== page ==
"We are going to inspect the development after a week and if the university has still not implemented the rules then we will again act,'' he added.
However, reacting to the order, a DU official said, "This is quite subjective. We do not think the information provided is incomplete. We will, however, have to update the manuals as per CIC's order and ensure that the colleges comply as well.''
When Delhi University (DU) undergraduate student Aditya N. Prasad looked at his BA (Honours) History results, he was in for a surprise.
He had failed to make the minimum 50 per cent aggregate marks that were required for admission into the Campus Law Centre.
“I was quite sure that I would clear the minimum marks, but I later found that my internal assessment marks were not included in the final assessment,” he said.
After running around DU offices, Prasad filed a writ petition in court demanding the cancellation of his admission to Campus Law Centre be stayed and his internal assessment marks be looked into. The matter is pending in court with the next hearing on November 24.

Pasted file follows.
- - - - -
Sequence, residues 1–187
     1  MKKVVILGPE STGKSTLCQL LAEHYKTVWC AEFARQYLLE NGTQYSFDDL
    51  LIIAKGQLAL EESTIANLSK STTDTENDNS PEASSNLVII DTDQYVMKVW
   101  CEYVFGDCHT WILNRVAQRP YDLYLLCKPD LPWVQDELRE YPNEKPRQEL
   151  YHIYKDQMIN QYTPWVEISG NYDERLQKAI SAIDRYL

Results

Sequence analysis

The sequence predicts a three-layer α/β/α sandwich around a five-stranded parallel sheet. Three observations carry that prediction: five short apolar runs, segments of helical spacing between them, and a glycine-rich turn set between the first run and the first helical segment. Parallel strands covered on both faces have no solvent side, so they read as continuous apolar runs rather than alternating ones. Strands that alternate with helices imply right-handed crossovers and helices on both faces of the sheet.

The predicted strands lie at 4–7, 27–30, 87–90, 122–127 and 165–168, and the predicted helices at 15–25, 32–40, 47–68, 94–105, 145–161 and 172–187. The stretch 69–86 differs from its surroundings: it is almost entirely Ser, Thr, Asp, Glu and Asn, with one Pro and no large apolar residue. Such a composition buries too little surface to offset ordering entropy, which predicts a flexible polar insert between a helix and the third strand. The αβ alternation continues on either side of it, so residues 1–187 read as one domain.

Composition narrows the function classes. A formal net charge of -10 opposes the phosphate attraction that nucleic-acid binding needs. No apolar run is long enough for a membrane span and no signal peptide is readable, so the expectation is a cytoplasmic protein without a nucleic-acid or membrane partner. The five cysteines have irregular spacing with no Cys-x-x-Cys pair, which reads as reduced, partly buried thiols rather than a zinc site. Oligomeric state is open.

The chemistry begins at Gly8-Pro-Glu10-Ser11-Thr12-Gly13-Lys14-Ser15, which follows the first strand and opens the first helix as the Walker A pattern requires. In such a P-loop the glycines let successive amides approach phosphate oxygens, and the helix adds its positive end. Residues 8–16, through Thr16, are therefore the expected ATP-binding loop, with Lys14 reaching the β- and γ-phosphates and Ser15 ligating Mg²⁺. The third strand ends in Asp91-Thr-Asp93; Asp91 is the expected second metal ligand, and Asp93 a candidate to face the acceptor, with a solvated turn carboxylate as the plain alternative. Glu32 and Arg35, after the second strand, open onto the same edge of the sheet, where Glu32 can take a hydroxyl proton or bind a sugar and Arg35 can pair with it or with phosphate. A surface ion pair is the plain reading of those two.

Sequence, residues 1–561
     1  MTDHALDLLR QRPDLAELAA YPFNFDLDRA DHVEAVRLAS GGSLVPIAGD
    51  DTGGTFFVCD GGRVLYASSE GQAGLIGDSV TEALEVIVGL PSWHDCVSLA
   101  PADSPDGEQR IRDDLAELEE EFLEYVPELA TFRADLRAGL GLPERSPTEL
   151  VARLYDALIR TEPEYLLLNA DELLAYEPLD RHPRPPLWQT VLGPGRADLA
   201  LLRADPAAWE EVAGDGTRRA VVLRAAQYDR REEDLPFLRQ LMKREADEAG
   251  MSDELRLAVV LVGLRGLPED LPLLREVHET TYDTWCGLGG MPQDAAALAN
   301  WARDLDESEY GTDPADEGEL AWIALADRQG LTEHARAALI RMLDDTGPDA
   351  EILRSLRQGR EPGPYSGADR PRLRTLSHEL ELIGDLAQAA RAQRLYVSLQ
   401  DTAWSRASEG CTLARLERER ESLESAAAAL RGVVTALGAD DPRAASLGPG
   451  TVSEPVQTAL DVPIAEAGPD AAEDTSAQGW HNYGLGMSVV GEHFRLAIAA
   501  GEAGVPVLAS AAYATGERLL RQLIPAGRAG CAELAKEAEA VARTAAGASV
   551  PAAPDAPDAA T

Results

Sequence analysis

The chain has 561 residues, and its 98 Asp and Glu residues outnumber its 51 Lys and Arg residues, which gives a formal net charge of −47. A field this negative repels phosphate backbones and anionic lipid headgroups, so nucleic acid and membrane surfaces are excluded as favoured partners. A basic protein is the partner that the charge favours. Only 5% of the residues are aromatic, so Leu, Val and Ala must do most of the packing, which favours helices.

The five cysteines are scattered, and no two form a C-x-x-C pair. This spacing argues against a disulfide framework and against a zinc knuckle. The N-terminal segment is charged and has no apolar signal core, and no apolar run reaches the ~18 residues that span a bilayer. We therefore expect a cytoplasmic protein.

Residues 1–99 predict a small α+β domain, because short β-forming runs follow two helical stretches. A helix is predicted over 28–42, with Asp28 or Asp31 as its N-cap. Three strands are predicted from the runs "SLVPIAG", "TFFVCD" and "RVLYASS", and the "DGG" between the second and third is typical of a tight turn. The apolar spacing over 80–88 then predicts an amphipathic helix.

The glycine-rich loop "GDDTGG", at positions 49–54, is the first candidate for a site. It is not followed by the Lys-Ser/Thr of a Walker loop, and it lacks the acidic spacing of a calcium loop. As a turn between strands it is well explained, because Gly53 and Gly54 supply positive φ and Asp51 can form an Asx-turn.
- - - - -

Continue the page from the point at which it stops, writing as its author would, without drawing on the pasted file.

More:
Prasad, however, wasn’t the only one complaining.
An application filed under the Right to Information (RTI) Act by Josh, an NGO, has revealed that no less than 751 complaints were received by the university from individual students and leading colleges like Miranda House, IP College, KMC, JMC and Sri Venkateswara College. The principals of these colleges had complained that internal assessment marks of their brightest students had been reduced arbitrarily. Delhi University Vice-Chancellor Deepak Pental could not be reached for comments.
Internal assessments allow a certain number of marks for regular attendance, assignments turned in and for attending extra-curricular activities.
The Delhi University, however, moderates these marks to apparently ensure that no college gives its students inflated marks.